4. Hone Your Healthy Boundaries

You know what situations, topics and people who provide the most challenge for you. You might ask your family and friends to avoid diet talk or negative body talk while they’re around you. You might limit your interactions with certain stressors or time spent at certain holiday events. Remember, boundaries are a way to love yourself and others at the same time. They are not barriers to love, but instructions on how people can love you best. You are allowed to set healthy boundaries!

5. Step Up Self-Care Practices

Know that you might need more care. Holidays are hard and no matter how much you prepare unexpected things might arise and make them harder. Allowing yourself time in a safe environment, doing something that replenishes you is vital.

6. Charge Up Your Compassion

Have compassion for yourself. Recovery is hard. Holidays are hard. Unlearning diet culture is hard. It takes time and you won’t do everything perfectly and you’re not supposed to. Not being perfect is deeply human. Find ways to add compassion to your day with self-talk or writing down compassionate affirmations. Whatever way feels most supportive.

7. Shift the Focus

You also get to enjoy the holiday season! So, be mindful and present. Connect with family, friends and traditions you love. Eat food you enjoy! Play music that connects with your soul! Maybe start a practice of gratitude (if you don’t have one already) to really reinforce the moment. It will never be the holiday season in 2022 again, so savor the fun and happy parts. Record them. Remember them. You deserve happiness too!

Bootstrapping Your Way to Thinness: Dieting and the American Dream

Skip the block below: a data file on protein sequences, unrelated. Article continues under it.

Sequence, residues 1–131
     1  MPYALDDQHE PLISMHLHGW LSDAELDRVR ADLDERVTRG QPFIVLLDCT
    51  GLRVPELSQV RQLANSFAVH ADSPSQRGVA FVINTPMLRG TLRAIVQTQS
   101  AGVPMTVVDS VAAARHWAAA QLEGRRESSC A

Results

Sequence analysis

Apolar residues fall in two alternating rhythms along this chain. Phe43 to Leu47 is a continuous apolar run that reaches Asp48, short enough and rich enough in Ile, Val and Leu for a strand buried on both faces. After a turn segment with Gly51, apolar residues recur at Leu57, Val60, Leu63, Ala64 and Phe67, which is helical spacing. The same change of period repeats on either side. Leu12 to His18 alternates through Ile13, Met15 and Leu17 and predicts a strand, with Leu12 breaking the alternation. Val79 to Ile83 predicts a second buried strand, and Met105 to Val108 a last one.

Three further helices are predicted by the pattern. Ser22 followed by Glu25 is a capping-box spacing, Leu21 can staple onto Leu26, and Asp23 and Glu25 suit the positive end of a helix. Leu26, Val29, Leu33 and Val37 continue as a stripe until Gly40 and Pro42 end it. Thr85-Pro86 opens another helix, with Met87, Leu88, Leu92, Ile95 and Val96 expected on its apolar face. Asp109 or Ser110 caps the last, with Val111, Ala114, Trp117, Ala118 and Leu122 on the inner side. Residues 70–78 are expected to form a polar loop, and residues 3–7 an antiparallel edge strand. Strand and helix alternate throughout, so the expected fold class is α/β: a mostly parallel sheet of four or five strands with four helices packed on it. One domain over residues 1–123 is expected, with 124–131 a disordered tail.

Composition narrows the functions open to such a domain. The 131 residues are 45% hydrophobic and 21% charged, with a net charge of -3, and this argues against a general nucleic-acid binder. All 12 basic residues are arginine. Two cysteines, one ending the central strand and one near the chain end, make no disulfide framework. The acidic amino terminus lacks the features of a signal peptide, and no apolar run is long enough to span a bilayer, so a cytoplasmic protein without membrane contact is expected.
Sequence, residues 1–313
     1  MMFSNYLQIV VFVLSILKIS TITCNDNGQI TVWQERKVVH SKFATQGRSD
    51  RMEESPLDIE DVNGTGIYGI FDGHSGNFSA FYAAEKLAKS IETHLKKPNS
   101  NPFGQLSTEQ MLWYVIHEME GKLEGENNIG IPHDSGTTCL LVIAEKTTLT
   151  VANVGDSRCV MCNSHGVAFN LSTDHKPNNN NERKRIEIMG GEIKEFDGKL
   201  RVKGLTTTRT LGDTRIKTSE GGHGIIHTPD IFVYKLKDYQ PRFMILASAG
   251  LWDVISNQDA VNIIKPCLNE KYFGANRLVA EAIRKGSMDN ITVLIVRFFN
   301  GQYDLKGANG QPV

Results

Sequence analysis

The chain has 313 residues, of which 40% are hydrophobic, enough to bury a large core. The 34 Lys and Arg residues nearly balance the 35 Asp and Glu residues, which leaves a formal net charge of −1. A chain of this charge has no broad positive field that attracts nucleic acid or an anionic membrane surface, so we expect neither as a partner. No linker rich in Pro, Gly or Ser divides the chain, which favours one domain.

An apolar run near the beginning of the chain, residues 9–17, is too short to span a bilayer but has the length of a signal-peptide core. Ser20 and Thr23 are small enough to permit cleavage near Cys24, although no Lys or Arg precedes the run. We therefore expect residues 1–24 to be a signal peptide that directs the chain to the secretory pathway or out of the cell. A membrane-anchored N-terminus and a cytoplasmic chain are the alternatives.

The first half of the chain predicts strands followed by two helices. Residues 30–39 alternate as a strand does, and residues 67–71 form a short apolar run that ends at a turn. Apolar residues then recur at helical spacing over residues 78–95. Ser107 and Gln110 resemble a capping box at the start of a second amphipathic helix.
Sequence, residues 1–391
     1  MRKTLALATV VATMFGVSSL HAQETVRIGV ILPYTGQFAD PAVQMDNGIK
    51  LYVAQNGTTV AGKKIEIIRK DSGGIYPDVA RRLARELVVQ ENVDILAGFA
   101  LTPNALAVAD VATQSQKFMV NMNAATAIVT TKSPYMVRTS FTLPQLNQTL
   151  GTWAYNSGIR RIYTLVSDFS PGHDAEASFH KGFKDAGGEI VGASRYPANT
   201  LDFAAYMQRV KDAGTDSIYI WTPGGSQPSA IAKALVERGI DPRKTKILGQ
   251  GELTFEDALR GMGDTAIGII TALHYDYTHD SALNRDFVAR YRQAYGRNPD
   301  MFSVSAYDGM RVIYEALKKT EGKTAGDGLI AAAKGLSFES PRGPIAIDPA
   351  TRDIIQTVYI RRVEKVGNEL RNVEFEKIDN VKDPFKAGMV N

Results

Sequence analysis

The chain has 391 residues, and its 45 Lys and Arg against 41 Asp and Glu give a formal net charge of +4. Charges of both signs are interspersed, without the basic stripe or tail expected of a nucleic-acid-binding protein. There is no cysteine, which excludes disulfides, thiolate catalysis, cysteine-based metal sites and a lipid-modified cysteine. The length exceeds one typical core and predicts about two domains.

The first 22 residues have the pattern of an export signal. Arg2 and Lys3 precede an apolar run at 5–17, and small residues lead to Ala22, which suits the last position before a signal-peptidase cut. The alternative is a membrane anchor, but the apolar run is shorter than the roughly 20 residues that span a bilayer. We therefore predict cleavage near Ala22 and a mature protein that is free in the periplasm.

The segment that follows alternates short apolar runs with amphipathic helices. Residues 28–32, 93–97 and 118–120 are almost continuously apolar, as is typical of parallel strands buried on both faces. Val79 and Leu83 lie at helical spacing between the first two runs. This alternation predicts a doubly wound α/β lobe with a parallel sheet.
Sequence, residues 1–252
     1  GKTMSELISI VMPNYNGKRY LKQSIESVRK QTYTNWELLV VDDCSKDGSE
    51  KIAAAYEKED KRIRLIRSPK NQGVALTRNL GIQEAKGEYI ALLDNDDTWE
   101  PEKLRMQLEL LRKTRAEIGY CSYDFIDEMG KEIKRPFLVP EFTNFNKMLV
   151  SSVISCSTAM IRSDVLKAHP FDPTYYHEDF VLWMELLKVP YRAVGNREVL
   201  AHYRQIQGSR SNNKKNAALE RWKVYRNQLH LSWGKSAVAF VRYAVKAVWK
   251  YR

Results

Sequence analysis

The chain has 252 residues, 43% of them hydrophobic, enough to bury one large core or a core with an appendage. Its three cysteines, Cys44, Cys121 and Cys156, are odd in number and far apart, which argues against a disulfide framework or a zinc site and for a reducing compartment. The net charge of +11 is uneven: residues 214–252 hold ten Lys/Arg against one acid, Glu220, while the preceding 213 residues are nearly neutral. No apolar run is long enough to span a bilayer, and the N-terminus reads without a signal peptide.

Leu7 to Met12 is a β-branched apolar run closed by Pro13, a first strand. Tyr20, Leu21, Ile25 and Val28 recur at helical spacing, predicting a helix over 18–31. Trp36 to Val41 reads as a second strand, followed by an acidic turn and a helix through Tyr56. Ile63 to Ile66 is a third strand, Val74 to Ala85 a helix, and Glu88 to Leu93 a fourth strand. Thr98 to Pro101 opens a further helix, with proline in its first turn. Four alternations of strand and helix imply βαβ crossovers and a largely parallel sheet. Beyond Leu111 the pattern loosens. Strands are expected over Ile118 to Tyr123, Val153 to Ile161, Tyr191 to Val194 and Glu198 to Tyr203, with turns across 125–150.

What is “bootstrapping?”

Most of us are familiar with the phrase “pull yourself up from your bootstraps”, it’s as American as apple pie. Bootstrapping is the idea that anyone can change their situation using only existing resources if they work hard enough. It is the core idea behind The American Dream, which of course is falsely predicated on the idea that all people have equal access to all opportunities. We know that isn’t true and hasn’t been true throughout the history of America, yet the lore of The American Dream persists. 

Why? Because it gives us a sense of control. It soothes us to know that we have complete and total power over our destiny. If you succeed it’s because you worked really hard, and you have great “willpower”, but if you fail it’s because you didn’t work hard enough. This black-and-white thinking allows us to make sense of things, unlike the truth which is that our destinies are intricately linked to the systems and people around us. This is a nuanced conversation with a lot more unknowns than we are comfortable with.

Bootstrapping and Diet & Wellness World

Bootstrapping is also the core idea of diet & wellness culture and the primary marketing tactic of the diet & wellness industry. They sell us the belief that anyone can change their body size using only a diet/lifestyle change and hard work (willpower). If your body size doesn’t change or you gain the weight back, you are the problem. Failure is never because of the diet/lifestyle change, but because of the individual. You didn’t have the “right” diet or you weren’t following the diet the “right” way. The diet is never to blame when studies consistently show that 95-98% of diets fail long term. This shame-filled narrative is still pervasive and persuasive. 

Why? Because it gives us a sense of control. It soothes us to know that we have complete and total power over our body size and therefore our status in society. It gives us the illusion that anyone can move freely out of the societal structure of oppression based on our bodies if they “work hard enough” instead of working to dismantle the oppressive structure in the first place. 

Most people don’t want to be fat because they know how fat people are treated in our society and are incredibly afraid of being treated that way. And yet, instead of having an enlightened conversation about body diversity, poverty, food deserts, racial disparities in health care, or other multifaceted reasons people might be fat, we want to blame the individual because American culture has trained us to individualize systemic issues. It is easier to blame a person and say they need to change instead of a system or societal belief because changing systems and societal beliefs requires collective action. This speaks to internalized weight bias that pervades our culture and causes us to pit people against one another.